As the spillover of Jayalalithaa’s one-year-in-office media-blitzkrieg continued to fill newspaper pages for the third day today, the bleak audit picture painted by the CAG raises serious concerns on the state’s fiscal health as well as administrative pitfalls.
Although seriously bothersome, the same text also gives Jayalalithaa a convenient handle to beat her predecessor Karunanidhi, because almost all that the CAG has said pertains to the previous DMK regime.
The annual CAG report tabled in the assembly shows mounting debt burden, galloping losses of PSUs during the five years, large-scale diversion of PDS supplies, poor implementation of centrally founded groundwater scheme, and dwindling forest cover among others.
The highlight of the report, that the state’s fiscal health is precariously bad, is what Jayalalithaa has been maintaining ever since she assumed office. It has been sort of a caveat for her. She had claimed that the state had a debt of Rs 100,000 crore.
The CAG actually pegs the figure higher: the report says that the fiscal liabilities of the state totalled Rs 111,657 crore by the 2010-11, 10 percent more than what Jaya claimed. During the last four years of the DMK regime, it rose by nearly Rs 50,000 crore.
Despite the rising revenue receipts, the burden of debt and interest liabilities could push the state into bankruptcy.
Experts immediately point attention to the freebie-spree that the DMK and the AIADMK have indulged in, despite the early warning signs, although the reasons are far more fundamental. While many attribute part of the fiscal ill-health to Karunanidhi’s largesse, many others wonder how Jaya will fund her pet schemes and its possible impact on the state’s deficit.
The CAG is quite critical of the revenue expenditure which gives very little room for the state to improve its fiscal health. It says that 71% of the revenue receipts go towards payment of salaries, subsidies and interests. The only operable area here is subsidies, which is electorally sensitive and hence can at best be tweaked by improved targetting and avoiding pilferage.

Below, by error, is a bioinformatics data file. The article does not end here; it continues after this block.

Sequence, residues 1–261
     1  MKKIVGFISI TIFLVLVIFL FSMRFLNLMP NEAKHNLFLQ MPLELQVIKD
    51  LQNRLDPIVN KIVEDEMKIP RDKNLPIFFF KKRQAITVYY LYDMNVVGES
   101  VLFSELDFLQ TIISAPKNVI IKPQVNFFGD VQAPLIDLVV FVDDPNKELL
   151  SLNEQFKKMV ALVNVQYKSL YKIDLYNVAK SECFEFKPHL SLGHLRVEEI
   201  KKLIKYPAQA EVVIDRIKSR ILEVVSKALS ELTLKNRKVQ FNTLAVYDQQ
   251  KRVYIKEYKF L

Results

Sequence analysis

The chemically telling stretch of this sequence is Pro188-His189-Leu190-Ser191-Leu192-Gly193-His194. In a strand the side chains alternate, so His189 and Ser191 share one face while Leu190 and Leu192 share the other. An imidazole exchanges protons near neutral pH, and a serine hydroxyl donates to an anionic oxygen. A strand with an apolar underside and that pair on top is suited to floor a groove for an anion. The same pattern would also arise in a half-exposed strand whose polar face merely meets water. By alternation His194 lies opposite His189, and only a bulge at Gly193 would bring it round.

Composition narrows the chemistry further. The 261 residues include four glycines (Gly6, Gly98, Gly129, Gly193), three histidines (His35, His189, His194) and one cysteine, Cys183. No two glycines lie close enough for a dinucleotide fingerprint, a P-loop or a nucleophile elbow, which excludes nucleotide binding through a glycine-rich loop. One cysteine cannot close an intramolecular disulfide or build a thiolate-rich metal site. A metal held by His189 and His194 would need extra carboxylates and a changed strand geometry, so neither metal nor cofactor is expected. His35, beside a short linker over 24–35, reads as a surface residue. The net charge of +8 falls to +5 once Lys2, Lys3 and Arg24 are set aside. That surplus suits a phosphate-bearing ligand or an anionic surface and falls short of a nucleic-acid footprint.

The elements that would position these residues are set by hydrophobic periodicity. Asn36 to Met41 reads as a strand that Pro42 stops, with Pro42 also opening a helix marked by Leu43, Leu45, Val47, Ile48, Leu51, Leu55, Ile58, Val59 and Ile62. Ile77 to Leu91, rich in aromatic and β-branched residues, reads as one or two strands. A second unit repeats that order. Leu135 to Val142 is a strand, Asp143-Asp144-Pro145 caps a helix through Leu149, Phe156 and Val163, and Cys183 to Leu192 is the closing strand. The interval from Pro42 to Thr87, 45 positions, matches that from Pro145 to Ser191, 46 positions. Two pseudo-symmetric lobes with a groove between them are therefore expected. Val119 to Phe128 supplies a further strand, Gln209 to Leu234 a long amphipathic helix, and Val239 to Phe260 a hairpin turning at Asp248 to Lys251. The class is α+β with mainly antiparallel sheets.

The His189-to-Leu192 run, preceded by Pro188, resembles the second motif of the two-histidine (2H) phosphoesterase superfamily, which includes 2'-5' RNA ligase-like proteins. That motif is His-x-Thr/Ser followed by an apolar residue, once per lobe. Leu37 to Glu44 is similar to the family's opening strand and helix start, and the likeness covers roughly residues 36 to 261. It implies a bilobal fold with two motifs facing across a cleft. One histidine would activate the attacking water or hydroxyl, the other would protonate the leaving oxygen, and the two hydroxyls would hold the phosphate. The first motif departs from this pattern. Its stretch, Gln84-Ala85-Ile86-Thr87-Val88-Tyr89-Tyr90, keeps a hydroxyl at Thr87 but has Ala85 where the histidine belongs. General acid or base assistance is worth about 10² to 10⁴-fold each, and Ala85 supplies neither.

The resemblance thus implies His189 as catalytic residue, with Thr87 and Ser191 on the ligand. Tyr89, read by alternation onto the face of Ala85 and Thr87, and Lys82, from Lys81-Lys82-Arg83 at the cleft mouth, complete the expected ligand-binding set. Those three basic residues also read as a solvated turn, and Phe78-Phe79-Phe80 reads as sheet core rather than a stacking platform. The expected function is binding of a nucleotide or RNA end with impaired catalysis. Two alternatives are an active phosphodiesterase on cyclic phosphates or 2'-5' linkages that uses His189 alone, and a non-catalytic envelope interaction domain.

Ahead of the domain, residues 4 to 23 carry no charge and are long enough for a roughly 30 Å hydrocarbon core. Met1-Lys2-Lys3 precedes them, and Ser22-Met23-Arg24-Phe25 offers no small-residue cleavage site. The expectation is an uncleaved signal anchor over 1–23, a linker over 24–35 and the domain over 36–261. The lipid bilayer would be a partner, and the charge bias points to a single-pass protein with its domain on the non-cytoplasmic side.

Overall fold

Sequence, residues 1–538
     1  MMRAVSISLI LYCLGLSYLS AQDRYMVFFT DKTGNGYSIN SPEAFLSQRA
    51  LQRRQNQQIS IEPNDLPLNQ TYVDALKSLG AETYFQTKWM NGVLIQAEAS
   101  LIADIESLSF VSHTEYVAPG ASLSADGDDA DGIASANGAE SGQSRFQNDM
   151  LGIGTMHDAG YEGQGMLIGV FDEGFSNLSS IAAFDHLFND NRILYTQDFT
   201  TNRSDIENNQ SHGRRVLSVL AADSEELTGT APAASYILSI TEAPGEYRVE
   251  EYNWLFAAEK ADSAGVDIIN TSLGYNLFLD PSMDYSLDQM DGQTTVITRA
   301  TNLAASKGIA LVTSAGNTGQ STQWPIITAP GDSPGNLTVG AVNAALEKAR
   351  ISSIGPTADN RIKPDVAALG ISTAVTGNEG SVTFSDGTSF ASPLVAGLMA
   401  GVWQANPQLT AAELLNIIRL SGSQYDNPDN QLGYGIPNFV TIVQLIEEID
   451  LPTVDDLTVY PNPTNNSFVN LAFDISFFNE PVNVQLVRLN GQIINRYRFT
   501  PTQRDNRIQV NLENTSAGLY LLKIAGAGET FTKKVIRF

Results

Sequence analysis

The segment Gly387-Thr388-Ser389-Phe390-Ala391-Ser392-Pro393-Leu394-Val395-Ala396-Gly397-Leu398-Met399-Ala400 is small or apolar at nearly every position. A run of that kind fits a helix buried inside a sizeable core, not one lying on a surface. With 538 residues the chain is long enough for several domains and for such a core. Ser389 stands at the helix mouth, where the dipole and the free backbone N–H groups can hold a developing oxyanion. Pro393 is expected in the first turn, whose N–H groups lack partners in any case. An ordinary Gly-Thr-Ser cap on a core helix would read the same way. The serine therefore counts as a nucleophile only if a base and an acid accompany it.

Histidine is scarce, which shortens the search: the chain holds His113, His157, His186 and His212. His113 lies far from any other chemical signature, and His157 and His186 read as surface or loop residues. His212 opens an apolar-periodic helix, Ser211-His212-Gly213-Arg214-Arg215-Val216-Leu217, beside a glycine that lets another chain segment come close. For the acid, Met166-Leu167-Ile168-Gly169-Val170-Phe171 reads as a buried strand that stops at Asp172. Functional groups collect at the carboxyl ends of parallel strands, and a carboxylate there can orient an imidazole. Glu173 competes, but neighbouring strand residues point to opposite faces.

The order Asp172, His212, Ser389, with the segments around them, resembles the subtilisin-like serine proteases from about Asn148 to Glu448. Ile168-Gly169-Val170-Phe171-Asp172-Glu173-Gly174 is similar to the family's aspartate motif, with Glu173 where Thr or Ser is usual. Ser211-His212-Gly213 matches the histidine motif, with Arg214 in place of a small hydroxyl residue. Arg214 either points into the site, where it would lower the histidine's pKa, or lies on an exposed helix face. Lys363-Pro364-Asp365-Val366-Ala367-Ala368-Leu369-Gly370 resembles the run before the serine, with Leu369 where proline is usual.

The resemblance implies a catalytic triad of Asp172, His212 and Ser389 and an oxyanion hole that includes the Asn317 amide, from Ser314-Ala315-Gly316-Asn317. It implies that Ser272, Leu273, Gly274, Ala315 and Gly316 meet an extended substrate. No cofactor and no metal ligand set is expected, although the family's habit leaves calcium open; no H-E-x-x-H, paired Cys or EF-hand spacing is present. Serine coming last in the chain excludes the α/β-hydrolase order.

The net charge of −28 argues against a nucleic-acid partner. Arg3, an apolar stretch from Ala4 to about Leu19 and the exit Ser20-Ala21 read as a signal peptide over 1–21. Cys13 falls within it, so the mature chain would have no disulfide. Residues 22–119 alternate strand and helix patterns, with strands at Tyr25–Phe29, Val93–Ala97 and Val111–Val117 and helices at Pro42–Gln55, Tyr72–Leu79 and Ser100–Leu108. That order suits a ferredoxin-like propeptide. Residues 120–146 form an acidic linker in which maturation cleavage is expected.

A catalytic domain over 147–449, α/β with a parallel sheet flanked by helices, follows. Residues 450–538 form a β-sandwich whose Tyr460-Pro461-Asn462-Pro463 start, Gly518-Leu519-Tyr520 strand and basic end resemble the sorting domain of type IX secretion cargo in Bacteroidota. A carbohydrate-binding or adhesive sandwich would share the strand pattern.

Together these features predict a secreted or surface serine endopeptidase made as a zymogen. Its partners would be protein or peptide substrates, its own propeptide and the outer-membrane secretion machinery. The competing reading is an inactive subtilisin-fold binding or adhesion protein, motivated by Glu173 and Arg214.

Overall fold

The CAG’s finding on bogus ration cards is startling. It has reported that the number of people with ration cards exceeds the state’s population!
The state has 8.31 crore ration cards as against a population of 7.21 crore; or 195.83 lakh cards against a total number of households of 167.77 lakhs. The state government says it has weeded out a large number of cards. The government’s Citizen’s Charter says continuous inspection and correction of records will weed out bogus cards and multiple entries.
The bogus cards naturally leads to the diversion of PDS supplies, increasing the state’s subsidy burden.
The combined losses of Rs 33,621 crore by the state’s 67 PSUs, an average of Rs 5000 crore per PSU, is indeed worrying. And it has risen five-fold during the DMK regime indicating either mismanagement or the government’s inability to check the slide.
During the last year, 40 PSUs did well in earning profits (Rs 592 crore) while 29 made a loss of more than Rs 11,000 crores. However, when viewed against public welfare, these are not bad losses: the Tamil Nadu Electricity Board (TNEB) and the transport corporations accounted for bulk of this. They should be considered public services, but the state needs to cut unwanted expenditure and find resources to subsidise them.
It found fault with the TNEB for not raising power capacity commensurate with increasing demand. This again is something that Jaya, faced with one of the worst power crises that the state has faced, has been maintaining.
As regards the PSUs, the auditors said that some of the losses could have been avoided. It also highlighted some infructuous investments.
The CAG has found serious faults with the state’s desalination project, particularly improper planning, implementation and purchase agreements; and has also found the RTOs issuing licenses to 75 persons under 18 years of age.
Tamil Nadu is now among the five states that have a debt of Rs 100,000 crore or more. The worst in the list is West Bengal which has accumulated a debt twice as that of TN. Andhra Pradesh and Gujarat are quite close while Maharashtra is pushing the Rs 200,000 crore mark.
Times are indeed going to be tough for Jaya and the people of the state – this is the first time the state has crossed a debt-burden of 100,000 crore and it is likely to rise by a quarter by the end of the year.
On the one hand, she will be compelled to take tough fiscal decision to stem the tide, but on the other, compulsions of social-welfare will restrict her fiscal space, that too with a crucial parliament elections due in 2014.
Although she will be ill-advised to cut on subsidies and welfare of the poor and the marginalised, even at the cost of rising fiscal deficit, what she should immediately do is to skim off the frivolous expenditure on meaningless populist schemes and streamline systems for effective targetting.
Strengthening revenue receipts is, of course, a standard prescription. Maybe a little bit of Robinhood politics will help.